All About India's First Mortgage Guarantee Company
A large number of home buyers are dependent on loans to fulfil their dream. But, even then, one must save a substantial amount to – generally 20 per cent of the total worth of a house – to initiate the purchase. However, this may change if India Mortgage Guarantee Corporation (IMGC) is able to convince the central bank to execute certain policy changes.
Here are a few things you need to know about the mortgage guarantor:
- The company is the first-of-its-kind to provide a mortgage guarantee in India. The company site describes it as: "mortgage guarantee is a financial product which compensates lending institutions or housing finance companies for losses that may arise when a home owner defaults on a mortgage loan". By providing mortgage guarantee, the IMGC aims to “mitigate risk taken by lenders, banks and housing finance companies”, apart from “making it easier for people to get access to home loans of higher values earlier in life than would have been possible without IMGC's involvement".
- IMGC is a joint venture by National Housing Bank (NHB), Asian Development Bank (ADB), International Finance Corporation and Genworth Financial. While the NHB owns the majority stake of 38 per cent in the entity, Genworth Financial holds 36 per cent. ADB and International Finance Corporation hold 13 per cent stake each.
- The company started its operations in 2013, and has provided credit guarantee to the tune of Rs 800 crore so far. The number is expected to touch Rs 1,000 crore in the coming 12 months as IMGC brings on board more partners. The company is now eyeing to make public-sector lenders its partners. Currently, the mortgage insurer has tie-ups with private lenders such as ICICI Bank, Diwan Housing Finance, Reliance Home Finance, Aditya Birla Housing Finance and Fine Home.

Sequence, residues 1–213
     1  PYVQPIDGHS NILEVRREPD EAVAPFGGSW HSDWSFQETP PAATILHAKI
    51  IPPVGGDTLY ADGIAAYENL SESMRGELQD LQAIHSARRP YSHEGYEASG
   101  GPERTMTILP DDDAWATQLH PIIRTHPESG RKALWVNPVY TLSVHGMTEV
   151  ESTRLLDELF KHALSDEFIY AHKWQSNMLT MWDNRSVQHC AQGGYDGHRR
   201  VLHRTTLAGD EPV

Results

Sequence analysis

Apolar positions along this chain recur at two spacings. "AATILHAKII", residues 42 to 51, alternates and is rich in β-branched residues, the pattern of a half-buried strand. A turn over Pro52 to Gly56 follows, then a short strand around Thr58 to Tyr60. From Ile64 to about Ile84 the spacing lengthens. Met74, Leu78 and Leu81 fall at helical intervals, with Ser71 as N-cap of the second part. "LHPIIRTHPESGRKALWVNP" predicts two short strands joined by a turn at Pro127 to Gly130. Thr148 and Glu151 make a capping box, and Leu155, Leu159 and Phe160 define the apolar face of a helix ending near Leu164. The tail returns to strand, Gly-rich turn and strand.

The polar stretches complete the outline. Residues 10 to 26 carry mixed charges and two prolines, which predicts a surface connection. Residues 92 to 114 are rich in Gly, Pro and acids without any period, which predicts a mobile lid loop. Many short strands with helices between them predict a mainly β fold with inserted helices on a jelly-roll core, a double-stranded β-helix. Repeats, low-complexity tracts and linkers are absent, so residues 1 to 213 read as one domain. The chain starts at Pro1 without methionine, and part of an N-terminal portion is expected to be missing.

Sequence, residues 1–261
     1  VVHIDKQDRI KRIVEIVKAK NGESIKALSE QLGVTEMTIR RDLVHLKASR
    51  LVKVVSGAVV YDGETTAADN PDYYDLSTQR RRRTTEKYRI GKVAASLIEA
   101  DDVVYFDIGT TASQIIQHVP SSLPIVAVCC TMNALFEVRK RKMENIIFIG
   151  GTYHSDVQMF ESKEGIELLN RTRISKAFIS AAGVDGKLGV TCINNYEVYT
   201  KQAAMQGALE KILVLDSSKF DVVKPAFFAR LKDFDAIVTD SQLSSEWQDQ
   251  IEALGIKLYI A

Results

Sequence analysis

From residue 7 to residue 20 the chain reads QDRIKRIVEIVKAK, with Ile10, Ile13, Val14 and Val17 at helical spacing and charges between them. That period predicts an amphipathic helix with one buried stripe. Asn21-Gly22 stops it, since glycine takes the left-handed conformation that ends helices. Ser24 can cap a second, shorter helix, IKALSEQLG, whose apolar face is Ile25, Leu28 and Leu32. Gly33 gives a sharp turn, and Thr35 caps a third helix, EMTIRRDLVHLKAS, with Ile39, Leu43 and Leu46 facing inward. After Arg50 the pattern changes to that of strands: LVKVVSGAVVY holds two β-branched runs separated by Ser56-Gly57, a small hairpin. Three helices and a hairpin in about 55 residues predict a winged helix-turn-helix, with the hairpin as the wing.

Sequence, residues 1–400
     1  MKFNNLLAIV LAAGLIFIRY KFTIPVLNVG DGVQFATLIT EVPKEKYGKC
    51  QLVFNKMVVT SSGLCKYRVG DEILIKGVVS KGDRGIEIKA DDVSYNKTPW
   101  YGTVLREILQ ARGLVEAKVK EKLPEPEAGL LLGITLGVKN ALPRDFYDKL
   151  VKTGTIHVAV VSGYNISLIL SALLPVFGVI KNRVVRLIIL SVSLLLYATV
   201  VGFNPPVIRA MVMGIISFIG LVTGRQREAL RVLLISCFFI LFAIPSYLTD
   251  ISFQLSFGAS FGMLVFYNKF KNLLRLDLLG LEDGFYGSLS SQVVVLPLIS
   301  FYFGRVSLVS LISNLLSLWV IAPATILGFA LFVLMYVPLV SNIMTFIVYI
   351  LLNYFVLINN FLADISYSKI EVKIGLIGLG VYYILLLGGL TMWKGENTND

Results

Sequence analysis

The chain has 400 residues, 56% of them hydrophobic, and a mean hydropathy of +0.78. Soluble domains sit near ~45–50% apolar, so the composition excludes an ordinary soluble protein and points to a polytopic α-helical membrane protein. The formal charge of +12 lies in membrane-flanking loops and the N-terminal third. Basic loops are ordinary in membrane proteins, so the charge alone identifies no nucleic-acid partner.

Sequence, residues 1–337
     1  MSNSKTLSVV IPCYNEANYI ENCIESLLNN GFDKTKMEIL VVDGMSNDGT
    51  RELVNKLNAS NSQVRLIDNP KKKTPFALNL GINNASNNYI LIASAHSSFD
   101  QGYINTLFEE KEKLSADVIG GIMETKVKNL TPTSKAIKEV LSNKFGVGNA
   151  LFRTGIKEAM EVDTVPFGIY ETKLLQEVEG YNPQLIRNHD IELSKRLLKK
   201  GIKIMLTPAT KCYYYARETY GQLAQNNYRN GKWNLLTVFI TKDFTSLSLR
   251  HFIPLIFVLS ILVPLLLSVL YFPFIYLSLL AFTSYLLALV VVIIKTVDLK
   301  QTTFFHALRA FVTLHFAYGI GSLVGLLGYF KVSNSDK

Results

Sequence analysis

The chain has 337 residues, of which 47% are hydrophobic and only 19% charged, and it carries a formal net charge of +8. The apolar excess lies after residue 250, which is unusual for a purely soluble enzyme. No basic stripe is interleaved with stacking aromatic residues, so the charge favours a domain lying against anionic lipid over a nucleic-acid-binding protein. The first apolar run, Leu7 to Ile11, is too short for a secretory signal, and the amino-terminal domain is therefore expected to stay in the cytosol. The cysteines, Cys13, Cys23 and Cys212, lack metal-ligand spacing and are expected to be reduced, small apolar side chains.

- The AA-rated company is urging the Reserve Bank of India (RBI) to bring down the loan-to-value (LTV) ratio to 90 per cent. If that happens, home buyers will be able to invest in a property only with 10 per cent of the total cost; banks will cover the remaining value as loans. As it stands today, a borrower gets 75 percent LTV loan, and has to organise 25 per cent down-payment to make a purchase of a home worth Rs 20 lakh.
- "We are in talks with the RBI for allowing the LTV to go up to 90 per cent so long as there is a mortgage guarantee along with the loan product ... What we are saying to the RBI is advance home ownership. If today I can get away with putting 10 per cent down for a home loan, more people will come into the fold, which is what the government is trying to do,” IMGC Chief Executive Officer Amitava Mehra told Business Line.